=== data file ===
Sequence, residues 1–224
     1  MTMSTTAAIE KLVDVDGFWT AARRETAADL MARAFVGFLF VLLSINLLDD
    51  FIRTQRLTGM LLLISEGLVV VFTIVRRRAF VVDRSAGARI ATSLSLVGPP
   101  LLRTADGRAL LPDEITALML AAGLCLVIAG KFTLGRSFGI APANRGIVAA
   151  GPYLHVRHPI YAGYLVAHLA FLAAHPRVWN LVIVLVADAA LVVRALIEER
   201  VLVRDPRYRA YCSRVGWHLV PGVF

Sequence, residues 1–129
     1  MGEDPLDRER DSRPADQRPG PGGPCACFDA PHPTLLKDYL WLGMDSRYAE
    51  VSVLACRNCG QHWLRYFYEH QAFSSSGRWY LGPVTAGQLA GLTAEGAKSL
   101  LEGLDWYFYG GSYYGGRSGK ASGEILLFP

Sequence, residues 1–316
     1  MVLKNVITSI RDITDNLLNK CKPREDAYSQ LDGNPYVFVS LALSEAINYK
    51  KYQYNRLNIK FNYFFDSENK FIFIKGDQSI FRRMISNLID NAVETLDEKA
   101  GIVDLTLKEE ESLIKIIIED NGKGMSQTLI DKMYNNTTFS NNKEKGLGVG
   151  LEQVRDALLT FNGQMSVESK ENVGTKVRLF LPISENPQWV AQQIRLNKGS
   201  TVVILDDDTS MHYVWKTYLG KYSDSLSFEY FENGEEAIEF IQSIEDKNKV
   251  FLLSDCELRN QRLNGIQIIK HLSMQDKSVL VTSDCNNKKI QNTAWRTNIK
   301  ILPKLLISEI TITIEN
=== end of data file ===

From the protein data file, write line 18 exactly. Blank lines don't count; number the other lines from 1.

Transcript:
   301  ILPKLLISEI TITIEN